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"Magic Pill" Hype
An old marketing axiom dictates, "Find a need and fill it." Enter supplements touted for their alleged ability to boost metabolism and burn calories, aiding in weight loss—such as ephedra (also known as ma huang), tiratricol, and others.
These miracle cures aren't so miraculous—or safe—after all.
"Most of the studies show they have virtually no effect, or the effects are insignificant," says John Acquaviva, PhD, an exercise physiologist and assistant professor of physical education at Roanoke College in Salem, Virginia.
For example, you may only burn an extra 25 or 30 calories a day. When you burn a total of 2,000 calories a day, that's nothing. "If you're burning 30 more calories a day through taking these products, it's not worth the risk," says Acquaviva.
One study—conducted by the Department of Medicine at the University of California, San Francisco, and the California Poison Control System in San Francisco—found that dietary supplements containing ephedra alkaloids (ma huang) cause high blood pressure, heart palpitations, and central nervous system abnormalities in some people. Some deaths have also been linked to this controversial supplement.
More from Prevention:Is Your Supplement A Fake?
Almost half of the 140 cases the scientists examined for the study were considered "definitely or probably related or possibly related" to the use of the dietary supplements. The most common problem was high blood pressure, but researchers also documented strokes and seizures.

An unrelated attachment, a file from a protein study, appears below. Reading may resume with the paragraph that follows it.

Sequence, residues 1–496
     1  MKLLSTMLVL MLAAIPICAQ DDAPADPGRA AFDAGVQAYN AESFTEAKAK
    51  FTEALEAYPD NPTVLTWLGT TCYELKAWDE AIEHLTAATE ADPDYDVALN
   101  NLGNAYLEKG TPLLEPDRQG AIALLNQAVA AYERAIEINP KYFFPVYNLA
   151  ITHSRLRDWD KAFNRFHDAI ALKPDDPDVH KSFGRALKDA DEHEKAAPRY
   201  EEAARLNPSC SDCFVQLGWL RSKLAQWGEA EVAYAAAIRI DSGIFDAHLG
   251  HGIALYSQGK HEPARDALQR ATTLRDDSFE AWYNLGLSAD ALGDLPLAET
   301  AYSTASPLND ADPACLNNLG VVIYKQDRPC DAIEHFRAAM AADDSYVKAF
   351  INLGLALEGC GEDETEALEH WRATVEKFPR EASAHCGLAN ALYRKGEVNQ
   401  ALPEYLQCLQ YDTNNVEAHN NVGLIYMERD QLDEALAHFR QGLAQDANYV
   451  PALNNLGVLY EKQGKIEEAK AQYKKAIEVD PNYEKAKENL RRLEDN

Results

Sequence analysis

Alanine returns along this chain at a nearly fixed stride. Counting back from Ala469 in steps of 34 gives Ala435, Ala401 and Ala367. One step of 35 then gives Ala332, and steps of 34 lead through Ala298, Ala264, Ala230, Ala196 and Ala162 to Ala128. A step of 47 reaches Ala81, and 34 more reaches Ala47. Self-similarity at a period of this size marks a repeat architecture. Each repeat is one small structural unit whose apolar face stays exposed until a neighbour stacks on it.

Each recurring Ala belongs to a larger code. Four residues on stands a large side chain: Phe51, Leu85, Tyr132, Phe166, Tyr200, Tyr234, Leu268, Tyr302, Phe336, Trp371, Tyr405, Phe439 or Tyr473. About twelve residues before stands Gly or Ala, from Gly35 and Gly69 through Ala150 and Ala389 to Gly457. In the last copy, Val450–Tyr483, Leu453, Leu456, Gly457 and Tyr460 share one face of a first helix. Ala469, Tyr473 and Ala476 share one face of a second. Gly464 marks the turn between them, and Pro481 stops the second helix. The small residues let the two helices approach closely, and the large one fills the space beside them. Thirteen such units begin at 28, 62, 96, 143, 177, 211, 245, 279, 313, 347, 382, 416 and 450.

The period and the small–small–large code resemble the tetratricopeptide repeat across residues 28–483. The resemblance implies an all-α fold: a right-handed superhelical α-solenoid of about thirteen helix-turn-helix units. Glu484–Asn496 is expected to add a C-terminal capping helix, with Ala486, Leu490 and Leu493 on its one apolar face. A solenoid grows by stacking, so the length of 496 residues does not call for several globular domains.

"For women who have underlying medical conditions they didn't know about, this stuff can be very dangerous," says Miriam Nelson, PhD, director of the Center for Physical Fitness, School of Nutrition Science Policy, at Tufts University in Boston.
The FDA banned the sale of ephedra in February 2004. They warn that "metabolism-boosting" products containing tiratricol, also known as triiodothyroacetic acid (TRIAC), marketed through health food stores, gymnasiums, and fitness centers, is a potent thyroid hormone that can trigger heart attacks and strokes. Other side effects include insomnia, sweating, nervousness, and diarrhea.
Just because a product claims to be "herbal" or "natural" doesn't mean it's safe or effective. At best, products so labeled could be a waste of money. At worst, serious damage to one or more vital organs could occur, especially when used with other drugs. (Check out these 7 "All-Natural" Foods That Aren't.)
Since over-the-counter supplements and herbal remedies are not regulated by the FDA, they can put "miraculous" language on their labels to entice you.
The best news is, the most effective means to boost your metabolism—building muscle—is free and widely available today.
Video: The 10-Minute Fat Incinerator Workout | Class FitSugar